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As I stated on the title, I'm currently feeling pretty uncomfortable of basic understanding of them.

As far as I know, mod_wsgi implemented WSGI specification which can be run under Apache web server.

It was coded in C language.

Another one, werkzeug is a kind of toolkit which have useful utilities. I also reviewed werkzeug can run simple service which is implemented within its sources(make_server in serving.py). I aware that werkzeug has useful features and simple server feature.

What I want to know it the below.

When using Flask like framework based on werkzeug under Apache web server, what does mod_wsgi do exactly?

werkzeug has also basic http server functionality which is don't need to be supported mod_wsgi.

Can anyone explain the differences between mod_wsgi and werkzeug ?

mod_wsgi and werkzeug has duplicated features from the perspective of web server.

share|improve this question
    
Django is not based on werkzeug, do you mean Flask? – Burhan Khalid Oct 2 '12 at 4:24
    
Oh,Sorry lack of my knowledge. Any kind of framework based on werkzeug. Flask is also. I will edit. thanks – user1713464 Oct 2 '12 at 4:25
1  
I think that like django they recommend using runserver or whatever only in dev and not in production environments... most hosts you cannot run long running proccesses regardless so you use mod_wsgi or passenger to host – Joran Beasley Oct 2 '12 at 4:25

WSGI stands for Web Server Gateway Interface, (mostly) defined by PEP 333 at http://www.python.org/dev/peps/pep-0333/ .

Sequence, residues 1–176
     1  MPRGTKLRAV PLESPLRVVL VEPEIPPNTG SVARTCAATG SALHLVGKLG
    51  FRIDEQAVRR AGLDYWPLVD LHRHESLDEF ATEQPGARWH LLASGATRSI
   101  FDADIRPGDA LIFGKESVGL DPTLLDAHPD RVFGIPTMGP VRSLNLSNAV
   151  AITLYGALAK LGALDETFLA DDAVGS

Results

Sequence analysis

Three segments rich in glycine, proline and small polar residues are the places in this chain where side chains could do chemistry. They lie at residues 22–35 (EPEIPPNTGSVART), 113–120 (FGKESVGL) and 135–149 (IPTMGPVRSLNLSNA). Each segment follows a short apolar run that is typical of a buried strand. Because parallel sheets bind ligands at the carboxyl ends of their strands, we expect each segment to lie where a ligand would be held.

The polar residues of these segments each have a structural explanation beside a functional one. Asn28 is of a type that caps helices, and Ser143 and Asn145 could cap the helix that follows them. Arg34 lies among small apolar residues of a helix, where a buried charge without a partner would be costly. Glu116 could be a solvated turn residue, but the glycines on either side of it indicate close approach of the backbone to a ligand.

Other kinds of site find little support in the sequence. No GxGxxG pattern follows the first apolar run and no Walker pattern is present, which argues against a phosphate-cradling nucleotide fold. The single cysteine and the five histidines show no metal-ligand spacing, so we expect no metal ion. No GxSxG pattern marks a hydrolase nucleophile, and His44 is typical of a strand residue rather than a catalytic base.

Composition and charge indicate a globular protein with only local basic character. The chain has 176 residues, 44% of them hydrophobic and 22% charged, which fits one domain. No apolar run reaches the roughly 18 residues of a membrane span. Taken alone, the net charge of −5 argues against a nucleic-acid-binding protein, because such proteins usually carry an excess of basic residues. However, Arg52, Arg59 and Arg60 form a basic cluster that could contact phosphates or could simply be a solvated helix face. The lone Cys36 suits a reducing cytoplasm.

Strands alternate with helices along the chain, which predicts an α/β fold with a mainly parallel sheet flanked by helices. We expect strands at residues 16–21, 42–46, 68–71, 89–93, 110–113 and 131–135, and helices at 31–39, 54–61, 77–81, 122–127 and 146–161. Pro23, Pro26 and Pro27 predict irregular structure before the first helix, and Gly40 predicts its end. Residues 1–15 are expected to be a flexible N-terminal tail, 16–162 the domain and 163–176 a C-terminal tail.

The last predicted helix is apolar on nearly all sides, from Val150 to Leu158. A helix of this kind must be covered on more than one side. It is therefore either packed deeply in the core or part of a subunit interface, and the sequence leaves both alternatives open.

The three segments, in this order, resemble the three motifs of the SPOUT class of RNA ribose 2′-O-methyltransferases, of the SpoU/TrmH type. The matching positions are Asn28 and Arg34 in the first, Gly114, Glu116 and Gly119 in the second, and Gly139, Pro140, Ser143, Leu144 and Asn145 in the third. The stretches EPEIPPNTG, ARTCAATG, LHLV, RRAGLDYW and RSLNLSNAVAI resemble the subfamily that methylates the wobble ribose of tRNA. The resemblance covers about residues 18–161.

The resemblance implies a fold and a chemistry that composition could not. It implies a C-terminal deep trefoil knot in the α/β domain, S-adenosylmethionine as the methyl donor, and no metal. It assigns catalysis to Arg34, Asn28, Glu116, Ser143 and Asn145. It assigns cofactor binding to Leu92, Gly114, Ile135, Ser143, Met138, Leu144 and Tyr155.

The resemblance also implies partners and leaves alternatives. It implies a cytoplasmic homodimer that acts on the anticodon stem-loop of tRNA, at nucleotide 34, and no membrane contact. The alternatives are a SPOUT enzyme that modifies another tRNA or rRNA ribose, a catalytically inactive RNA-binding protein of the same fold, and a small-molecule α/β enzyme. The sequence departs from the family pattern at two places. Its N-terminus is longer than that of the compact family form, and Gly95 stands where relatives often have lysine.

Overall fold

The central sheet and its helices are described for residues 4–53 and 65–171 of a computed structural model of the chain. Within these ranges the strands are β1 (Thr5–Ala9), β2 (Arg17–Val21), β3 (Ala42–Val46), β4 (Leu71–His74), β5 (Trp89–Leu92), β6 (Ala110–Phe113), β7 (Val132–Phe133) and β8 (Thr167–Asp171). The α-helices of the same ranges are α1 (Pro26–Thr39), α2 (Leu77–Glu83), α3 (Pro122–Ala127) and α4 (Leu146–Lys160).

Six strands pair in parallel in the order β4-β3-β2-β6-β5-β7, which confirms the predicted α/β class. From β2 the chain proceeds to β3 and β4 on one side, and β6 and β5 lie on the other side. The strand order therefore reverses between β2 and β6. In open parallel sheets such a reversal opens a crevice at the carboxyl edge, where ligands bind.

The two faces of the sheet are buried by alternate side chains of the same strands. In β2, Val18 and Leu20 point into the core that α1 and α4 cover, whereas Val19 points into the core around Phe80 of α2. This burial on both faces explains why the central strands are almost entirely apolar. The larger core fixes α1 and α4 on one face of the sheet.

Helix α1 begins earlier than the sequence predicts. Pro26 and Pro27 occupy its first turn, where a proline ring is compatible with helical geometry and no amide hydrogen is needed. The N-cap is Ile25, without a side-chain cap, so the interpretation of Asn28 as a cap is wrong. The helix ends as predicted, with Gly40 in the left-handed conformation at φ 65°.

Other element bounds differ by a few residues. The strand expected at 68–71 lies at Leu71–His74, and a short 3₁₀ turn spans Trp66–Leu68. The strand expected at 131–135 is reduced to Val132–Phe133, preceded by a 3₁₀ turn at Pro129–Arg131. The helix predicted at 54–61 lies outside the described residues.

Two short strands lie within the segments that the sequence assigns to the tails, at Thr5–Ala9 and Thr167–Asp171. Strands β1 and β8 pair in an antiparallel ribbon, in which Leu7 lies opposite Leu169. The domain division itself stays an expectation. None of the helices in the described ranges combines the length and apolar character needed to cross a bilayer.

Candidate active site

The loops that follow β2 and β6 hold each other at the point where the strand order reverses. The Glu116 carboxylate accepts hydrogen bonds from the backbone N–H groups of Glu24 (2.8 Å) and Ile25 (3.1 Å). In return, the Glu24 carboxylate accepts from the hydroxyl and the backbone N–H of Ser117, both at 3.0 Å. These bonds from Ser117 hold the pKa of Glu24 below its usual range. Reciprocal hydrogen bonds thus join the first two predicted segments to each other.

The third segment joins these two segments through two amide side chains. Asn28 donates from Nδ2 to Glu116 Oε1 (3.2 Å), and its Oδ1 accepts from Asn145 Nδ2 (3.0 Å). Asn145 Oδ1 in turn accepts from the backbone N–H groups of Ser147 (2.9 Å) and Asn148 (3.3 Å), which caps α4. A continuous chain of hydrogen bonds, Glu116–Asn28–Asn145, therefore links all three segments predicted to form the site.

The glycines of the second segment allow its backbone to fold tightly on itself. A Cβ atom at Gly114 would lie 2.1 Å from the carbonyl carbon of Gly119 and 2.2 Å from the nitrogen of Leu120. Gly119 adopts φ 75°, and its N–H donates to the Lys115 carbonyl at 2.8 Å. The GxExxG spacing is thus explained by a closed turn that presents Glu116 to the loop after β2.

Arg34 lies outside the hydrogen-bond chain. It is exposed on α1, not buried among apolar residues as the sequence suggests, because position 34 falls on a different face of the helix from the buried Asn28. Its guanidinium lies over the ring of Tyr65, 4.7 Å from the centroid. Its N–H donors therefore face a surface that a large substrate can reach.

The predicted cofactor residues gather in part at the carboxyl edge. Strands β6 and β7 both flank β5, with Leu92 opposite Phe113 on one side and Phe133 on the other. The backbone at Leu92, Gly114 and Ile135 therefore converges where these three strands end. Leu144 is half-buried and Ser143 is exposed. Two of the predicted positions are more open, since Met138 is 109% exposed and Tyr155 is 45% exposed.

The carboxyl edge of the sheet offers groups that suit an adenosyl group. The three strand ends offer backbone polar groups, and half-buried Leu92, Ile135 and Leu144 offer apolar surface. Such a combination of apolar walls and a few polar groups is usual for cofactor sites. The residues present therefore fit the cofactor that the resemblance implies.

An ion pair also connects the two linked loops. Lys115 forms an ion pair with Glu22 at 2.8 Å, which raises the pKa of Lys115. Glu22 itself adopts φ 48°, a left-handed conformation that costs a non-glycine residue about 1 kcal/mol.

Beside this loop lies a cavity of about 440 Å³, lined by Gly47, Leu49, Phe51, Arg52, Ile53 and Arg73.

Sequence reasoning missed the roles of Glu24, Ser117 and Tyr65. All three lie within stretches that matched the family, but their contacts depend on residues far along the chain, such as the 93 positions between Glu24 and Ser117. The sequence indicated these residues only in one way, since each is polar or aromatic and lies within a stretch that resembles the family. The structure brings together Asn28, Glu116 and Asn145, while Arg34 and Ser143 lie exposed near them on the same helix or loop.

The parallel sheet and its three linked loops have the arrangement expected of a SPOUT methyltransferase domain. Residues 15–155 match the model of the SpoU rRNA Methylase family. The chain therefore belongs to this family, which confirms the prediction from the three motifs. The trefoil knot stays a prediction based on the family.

It is an effort by the Python community to establish a standard mechanism for web servers to speak to Python applications.

In theory, any wsgi compliant server (or extension to an existing web server) should be able to load and run any wsgi compliant application.

werkzeug is a web application framework which can run under a compliant WSGI server, such as Apache+mod_wsgi. It also contains a built-in development server that you can use for development.


WSGI can be very confusing at first, but it is actually pretty simple. The WSGI spec requires that your python application do the following:

  1. define a callable named application
  2. said callable should accept 2 parametes: (environ, start_response)
  3. environ is a dictionary of environment variables
  4. start_response is a callable that needs called to start the response

Once application is called, then it handles the request, builds the output, and:

  1. calls start_response('200 OK', Headers)
  2. return [content]

A simple WSGI app might look like this:

def application(environ, start_response):
    status = '200 OK'
    output = 'Hello World!'

    response_headers = [('Content-type', 'text/plain'),
                    ('Content-Length', str(len(output)))]
    start_response(status, response_headers)

    return [output]

It is strongly suggested that you use an existing WSGI framework, as there are a lot of details involved in parsing HTTP requests, handling file uploads, encoding characters, etc...

Take a look at Bottle, Flask, werkzeug, AppStruct, etc...

share|improve this answer